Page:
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prosecutors say there was a blood trail, eyewitnesss and a cover-up of lies. the limo driver told investigators he heard oakley and sweeting admit to stabbing the victim. both men deny this. other witnesses say that ray lewis yelled at everybody in the limo, there were 11 in all to keep their mouths shut and not say anything, and that my football career is not going to end like this. but the white suit that ray lewis was wearing that night was not found. prosecutors suspect it was stained in the victim's blood, and someone took the knifes and suit and threw them all away. which brought us to ed guaga ga ray lewis's attorney. where is the white suit he was wearing that night? >> it went to the cleaners and was in the suits that were in his closet. the prosecution didn't do the things they needed to do to get access to the suit. >> reporter: so it exists somewhere? >> well, i don't know that it exists now. >> reporter: prosecutors denied our requests for interviews
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about this story. the murder trial crumbled on live television. witnesses backtracked on their stories. defense attorneys eviscerated the credibility of many witnesses. it got so bad that prosecutors had to drop murder charges against ray lewis in the middle of the trial, they offered him a plea deal. lewis pled guilty to a misdemeanor charge of obstruction of justice in exchange for testifying against sweeting and oakley. even that didn't help. both men were acquitted. ray lewis says he was the peace-maker, but oakley says that was not the case. was ray involved in the fighting? >> in my opinion, yes. i don't know if he was wrestling, fighting, but i know he was right in the mix there with everybody else. >> reporter: because his lawyer and his side said hey, he was trying to be the peace-maker in that situation. >> i didn't see that. when the police asked him what happened, you know, he wouldn't
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come clean. >> he was not involved in the fight. he didn't cause it. he didn't take an act, a step, a statement to make this happen. he was no more guilty than the other 100 people on the street. >> reporter: no one has ever been convicted in the deaths of jason baker and richard lawler. for baker's uncle, it makes him angry to see lewis enjoy the football glory. >> stop acting you're one of the people to come out with the bible. >> reporter: so you think on this day ray lewis knows what happened that night? >> oh, yeah. i hope it haunts them for the rest of their life, until they die and until they burn in hell. >> reporter: the most painful irony of all for greg wilson is ray lewis will likely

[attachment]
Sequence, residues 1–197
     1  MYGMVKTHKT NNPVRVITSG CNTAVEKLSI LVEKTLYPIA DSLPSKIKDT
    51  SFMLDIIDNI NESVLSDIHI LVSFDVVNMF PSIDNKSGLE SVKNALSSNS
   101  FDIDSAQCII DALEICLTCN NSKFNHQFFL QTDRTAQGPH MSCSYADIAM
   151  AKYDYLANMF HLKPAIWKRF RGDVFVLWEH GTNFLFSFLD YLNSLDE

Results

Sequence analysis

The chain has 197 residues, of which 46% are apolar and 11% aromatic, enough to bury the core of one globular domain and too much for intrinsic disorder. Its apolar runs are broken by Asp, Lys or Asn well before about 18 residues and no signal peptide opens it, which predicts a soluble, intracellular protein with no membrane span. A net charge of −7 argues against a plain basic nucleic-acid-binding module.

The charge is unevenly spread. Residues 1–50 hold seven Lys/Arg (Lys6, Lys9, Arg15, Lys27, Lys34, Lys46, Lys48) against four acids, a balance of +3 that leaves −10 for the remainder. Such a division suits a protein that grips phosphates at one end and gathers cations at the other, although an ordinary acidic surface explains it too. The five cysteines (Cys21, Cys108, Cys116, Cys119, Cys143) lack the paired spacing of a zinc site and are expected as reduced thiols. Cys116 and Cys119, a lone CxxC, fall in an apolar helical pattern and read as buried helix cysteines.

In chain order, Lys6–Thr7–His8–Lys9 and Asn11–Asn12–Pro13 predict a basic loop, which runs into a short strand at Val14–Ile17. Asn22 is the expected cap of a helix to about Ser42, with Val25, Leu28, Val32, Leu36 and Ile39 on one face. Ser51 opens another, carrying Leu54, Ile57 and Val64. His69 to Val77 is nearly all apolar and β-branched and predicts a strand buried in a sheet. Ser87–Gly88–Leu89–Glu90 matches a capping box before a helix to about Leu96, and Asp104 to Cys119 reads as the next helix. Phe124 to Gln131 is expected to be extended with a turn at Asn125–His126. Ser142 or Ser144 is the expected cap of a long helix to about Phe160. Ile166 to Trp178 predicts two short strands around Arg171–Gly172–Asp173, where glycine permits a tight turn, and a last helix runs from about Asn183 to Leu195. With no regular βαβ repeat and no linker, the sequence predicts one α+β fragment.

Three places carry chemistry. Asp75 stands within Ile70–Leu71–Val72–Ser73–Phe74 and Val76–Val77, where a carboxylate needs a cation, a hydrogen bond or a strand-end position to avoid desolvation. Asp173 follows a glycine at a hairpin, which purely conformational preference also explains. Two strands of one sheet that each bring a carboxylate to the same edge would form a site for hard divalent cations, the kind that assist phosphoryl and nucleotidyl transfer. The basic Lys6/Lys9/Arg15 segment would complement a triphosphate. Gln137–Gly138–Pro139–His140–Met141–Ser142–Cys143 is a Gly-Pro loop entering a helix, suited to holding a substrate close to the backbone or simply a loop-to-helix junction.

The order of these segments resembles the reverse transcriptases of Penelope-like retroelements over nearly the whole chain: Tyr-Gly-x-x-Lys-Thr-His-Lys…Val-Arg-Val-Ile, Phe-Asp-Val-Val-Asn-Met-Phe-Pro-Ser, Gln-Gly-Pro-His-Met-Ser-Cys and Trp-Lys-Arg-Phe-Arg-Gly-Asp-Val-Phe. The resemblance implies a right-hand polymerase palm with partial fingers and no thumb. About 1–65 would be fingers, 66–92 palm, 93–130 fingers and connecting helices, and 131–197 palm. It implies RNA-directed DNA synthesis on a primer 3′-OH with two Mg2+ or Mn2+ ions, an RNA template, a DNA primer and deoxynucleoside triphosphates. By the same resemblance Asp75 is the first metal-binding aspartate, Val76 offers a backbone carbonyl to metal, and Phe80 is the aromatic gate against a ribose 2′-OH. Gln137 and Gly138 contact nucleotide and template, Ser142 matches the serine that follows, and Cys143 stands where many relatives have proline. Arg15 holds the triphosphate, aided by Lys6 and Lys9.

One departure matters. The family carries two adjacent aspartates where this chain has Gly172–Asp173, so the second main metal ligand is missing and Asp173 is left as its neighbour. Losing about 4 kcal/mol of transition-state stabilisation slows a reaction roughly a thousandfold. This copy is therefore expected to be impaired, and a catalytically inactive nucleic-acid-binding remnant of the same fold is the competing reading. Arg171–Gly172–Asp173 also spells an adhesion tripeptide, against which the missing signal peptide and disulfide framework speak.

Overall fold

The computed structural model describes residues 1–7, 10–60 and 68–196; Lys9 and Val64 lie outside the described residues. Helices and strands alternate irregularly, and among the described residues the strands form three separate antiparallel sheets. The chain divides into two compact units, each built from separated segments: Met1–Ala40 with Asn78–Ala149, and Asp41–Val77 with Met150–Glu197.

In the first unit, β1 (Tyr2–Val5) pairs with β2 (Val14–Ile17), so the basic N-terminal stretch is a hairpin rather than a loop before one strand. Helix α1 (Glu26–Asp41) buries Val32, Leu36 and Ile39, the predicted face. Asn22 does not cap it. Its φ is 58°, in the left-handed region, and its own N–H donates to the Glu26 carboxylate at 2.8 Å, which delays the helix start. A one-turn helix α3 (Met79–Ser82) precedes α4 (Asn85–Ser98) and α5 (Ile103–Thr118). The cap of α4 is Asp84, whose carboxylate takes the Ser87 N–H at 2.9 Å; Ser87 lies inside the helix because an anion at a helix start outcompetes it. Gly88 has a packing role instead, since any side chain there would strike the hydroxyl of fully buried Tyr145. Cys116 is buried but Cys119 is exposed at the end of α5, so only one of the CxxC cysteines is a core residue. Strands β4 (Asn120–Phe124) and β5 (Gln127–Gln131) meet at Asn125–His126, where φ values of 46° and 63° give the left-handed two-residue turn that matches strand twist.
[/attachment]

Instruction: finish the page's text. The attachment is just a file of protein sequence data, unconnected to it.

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immortdalliimmortdal i of fame, not far from where the three were laid to rest. >> ed joins me from atlanta. this guy oakley says he didn't kill them. so who does he think killed the guys. >> well, the stories are so confusing and different, the victims' families are left wondering about the truth. oakley points to two other people who he says and others say were never properly vetted by investigators at the time. he doesn't say those two were responsible but kind of puts the doubt that way. but the bottom line here it was oakley, sweeting and perhaps lewis himself who were in the melee with baker and law ller. and as soon as the fight was over the two men were left dead in the street. so wisdom tells you it has to be somebody in the group. the problem is there were never any witnesses who saw somebody brandish a knife or any credible witnesses. remember, many witnesses were simply discredited on the witness stand. there was never anyone who clearly came forward who said i saw the knife, i saw who had the
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knife and put it in the -- >> oakley doesn't do himself any favors by trying to pitch his book and not answering the questions. >> reporter: no question, it was a rough interview and it was interesting. because he has not really spoken publicly about that night in 13 years. but you know, he says he is trying to clear his name. he walks away and says look at the end they feel vindicated that a jury acquitted them, that the prosecution dropped the charges against ray lewis and they're trying to move beyond it. >> clear his name and sell some books. ed lavandera, appreciate it. coming up, maybe you've seen this incredible video of the snow mow automobile accident at the winter x games. he didn't get hurt and nobo nobody else was hurt after the vehicle careened into fans. it could have been much worse, you will hear from the guy who was on that snow mobile next.ct . sweetness naturally.
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she can't always move the way she wants. now you can. with stayfree ultra thins. flexible layers move with your body while thermocontrol wicks moisture away. keep moving. stayfree. well, the x games, featuring extreme sports are under scrutiny tonight after a string of accidents at the aspen games in colorado, one man is in critical condition, another with a pelvis injury. a snowboarder got a concussion, another competitor, snow mobiler jack strong, take a look. trying to do a back flip.